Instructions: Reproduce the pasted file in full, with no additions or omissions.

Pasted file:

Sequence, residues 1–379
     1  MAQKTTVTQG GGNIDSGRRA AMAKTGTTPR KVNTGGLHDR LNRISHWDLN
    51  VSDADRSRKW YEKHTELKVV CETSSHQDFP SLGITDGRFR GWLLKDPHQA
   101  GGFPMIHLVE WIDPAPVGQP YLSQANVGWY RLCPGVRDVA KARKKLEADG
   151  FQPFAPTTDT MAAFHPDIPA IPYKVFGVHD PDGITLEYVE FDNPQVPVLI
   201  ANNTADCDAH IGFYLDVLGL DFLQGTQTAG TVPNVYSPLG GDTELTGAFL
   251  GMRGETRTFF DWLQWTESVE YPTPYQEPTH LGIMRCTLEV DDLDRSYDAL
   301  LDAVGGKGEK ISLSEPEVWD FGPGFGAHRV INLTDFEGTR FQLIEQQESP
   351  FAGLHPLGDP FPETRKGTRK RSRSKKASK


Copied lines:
Sequence, residues 1–379
     1  MAQKTTVTQG GGNIDSGRRA AMAKTGTTPR KVNTGGLHDR LNRISHWDLN
    51  VSDADRSRKW YEKHTELKVV CETSSHQDFP SLGITDGRFR GWLLKDPHQA
   101  GGFPMIHLVE WIDPAPVGQP YLSQANVGWY RLCPGVRDVA KARKKLEADG
   151  FQPFAPTTDT MAAFHPDIPA IPYKVFGVHD PDGITLEYVE FDNPQVPVLI
   201  ANNTADCDAH IGFYLDVLGL DFLQGTQTAG TVPNVYSPLG GDTELTGAFL
   251  GMRGETRTFF DWLQWTESVE YPTPYQEPTH LGIMRCTLEV DDLDRSYDAL
   301  LDAVGGKGEK ISLSEPEVWD FGPGFGAHRV INLTDFEGTR FQLIEQQESP
   351  FAGLHPLGDP FPETRKGTRK RSRSKKASK